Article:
I loved "Gone Girl," and I don't agree with this reviewer's dislike of unlikable characters. Nonetheless, the book she reviews here does sound good.

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Reviews: 'Crazy Love You' and 4 more mysteries - Minneapolis Star Tribune

Reviews: 'Crazy Love You' and 4 more mysteries - Minneapolis Star Tribune | Literature & Psychology | Scoop.it

If you ask me, William Faulkner’s Nobel acceptance speech is one of the finest tributes to the enduring power of literature. In it, Faulkner insisted on a return to “the old verities” —“love and honor, pity and pride, sacrifice and compassion.” Otherwise, he said, a work is “not of the heart but of the glands.” If you ask me, a little of both is good for the soul. The mysteries I’m recommending below engage us with Faulkner’s truths with the bonus of an adrenalin rush.

 

Mary Daniels Brown's insight:

A clever way of framing reviews of 5 debut mystery novels--and some good recommendations for us mystery lovers.

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Richard Price Has a Big Appetite for the Grey Areas Where Good Stories Live - Daily Beast

Richard Price Has a Big Appetite for the Grey Areas Where Good Stories Live - Daily Beast | Literature & Psychology | Scoop.it
The author of ‘The Whites’ and ‘Clockers’ talks about genre fiction, about hitting the street for research, and about the details that can bring a story alive.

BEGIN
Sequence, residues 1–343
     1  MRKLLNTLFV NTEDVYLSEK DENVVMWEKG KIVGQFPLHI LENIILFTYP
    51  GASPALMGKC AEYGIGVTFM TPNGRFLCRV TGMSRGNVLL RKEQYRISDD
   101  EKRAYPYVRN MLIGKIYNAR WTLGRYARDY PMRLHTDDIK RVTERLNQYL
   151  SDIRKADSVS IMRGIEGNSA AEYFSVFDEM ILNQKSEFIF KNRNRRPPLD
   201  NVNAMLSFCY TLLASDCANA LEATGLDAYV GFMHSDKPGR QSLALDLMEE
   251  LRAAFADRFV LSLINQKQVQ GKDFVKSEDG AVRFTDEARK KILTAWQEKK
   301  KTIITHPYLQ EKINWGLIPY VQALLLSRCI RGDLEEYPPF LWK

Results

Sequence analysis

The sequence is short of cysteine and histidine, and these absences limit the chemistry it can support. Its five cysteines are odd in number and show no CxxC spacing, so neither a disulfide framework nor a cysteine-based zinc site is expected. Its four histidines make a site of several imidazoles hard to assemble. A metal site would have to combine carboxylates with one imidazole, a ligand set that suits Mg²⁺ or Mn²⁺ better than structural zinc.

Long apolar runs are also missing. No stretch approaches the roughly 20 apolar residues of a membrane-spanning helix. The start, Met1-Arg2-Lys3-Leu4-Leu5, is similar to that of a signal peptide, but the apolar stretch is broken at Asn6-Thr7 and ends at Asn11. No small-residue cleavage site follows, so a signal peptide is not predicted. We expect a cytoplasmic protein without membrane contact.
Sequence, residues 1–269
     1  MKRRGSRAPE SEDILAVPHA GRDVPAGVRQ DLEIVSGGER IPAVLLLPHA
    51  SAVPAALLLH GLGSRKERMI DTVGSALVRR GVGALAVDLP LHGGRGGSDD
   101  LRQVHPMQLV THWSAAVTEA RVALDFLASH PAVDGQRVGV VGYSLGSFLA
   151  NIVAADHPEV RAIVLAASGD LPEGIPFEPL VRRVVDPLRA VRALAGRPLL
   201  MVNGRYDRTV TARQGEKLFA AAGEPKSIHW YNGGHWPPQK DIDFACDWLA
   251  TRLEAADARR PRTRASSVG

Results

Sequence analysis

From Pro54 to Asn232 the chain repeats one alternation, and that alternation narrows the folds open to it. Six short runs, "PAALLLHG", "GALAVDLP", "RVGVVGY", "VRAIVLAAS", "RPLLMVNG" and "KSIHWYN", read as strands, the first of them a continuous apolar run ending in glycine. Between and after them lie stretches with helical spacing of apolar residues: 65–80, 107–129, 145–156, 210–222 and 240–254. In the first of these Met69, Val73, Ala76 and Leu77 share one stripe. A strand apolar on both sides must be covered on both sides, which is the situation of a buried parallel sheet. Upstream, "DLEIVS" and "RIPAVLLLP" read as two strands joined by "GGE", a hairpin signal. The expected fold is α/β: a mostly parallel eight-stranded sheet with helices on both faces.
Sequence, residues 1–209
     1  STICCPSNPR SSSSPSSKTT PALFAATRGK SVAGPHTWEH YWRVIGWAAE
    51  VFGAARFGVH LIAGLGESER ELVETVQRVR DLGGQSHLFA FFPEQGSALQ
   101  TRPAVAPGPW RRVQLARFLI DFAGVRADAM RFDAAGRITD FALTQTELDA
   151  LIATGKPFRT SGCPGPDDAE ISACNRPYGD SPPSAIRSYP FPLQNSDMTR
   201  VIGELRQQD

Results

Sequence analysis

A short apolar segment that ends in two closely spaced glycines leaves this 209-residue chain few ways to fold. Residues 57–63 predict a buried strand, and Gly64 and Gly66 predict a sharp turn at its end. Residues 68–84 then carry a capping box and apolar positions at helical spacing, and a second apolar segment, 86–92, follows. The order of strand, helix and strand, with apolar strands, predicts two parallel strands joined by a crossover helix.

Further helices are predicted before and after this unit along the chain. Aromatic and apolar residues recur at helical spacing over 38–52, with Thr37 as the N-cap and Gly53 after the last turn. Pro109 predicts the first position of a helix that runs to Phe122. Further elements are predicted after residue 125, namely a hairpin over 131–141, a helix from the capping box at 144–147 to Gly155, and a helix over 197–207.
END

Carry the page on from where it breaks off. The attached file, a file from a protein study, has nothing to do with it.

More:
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The long read: How the First World War changed English poetry - The National

The long read: How the First World War changed English poetry - The National | Literature & Psychology | Scoop.it
The soldier-poets of the First World War redefined English verse, turning the traumas of the trenches into timeless literature – and the recent conflicts in Iraq and Afghanistan have created soldier-poets of their own.
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Karl Ove Knausgaard: ‘Writing is a way of getting rid of shame’

Karl Ove Knausgaard: ‘Writing is a way of getting rid of shame’ | Literature & Psychology | Scoop.it

Norwegian writer Karl Ove Knausgaard’s bestselling, deeply exposing six-part memoir has been a literary sensation the world over – and upset not a few of his relatives. Here he talks about memory, male shame and why he can understand the warped thought processes of mass murderer Anders Breivik

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Genderalizations – The Los Angeles Review of Books

Genderalizations – The Los Angeles Review of Books | Literature & Psychology | Scoop.it
AT THE END of last year, the Los Angeles Review of Books ran a piece by Katherine Angel reflecting on the difficulties faced by women in the literary world, the gender bias toward the male point of view,

. . .

So don’t get me wrong: I’m not saying we shouldn’t be vigilant or that it’s a bad thing to speak up. All I’m saying is don’t forget the counterarguments. And please don’t assume that literary editors aren't aware of this issue. We think about it. We talk about it. It isn’t always easy. And yet I’m convinced that, blah aside, and although we have miles to go, things are gradually changing for the better.

Mary Daniels Brown's insight: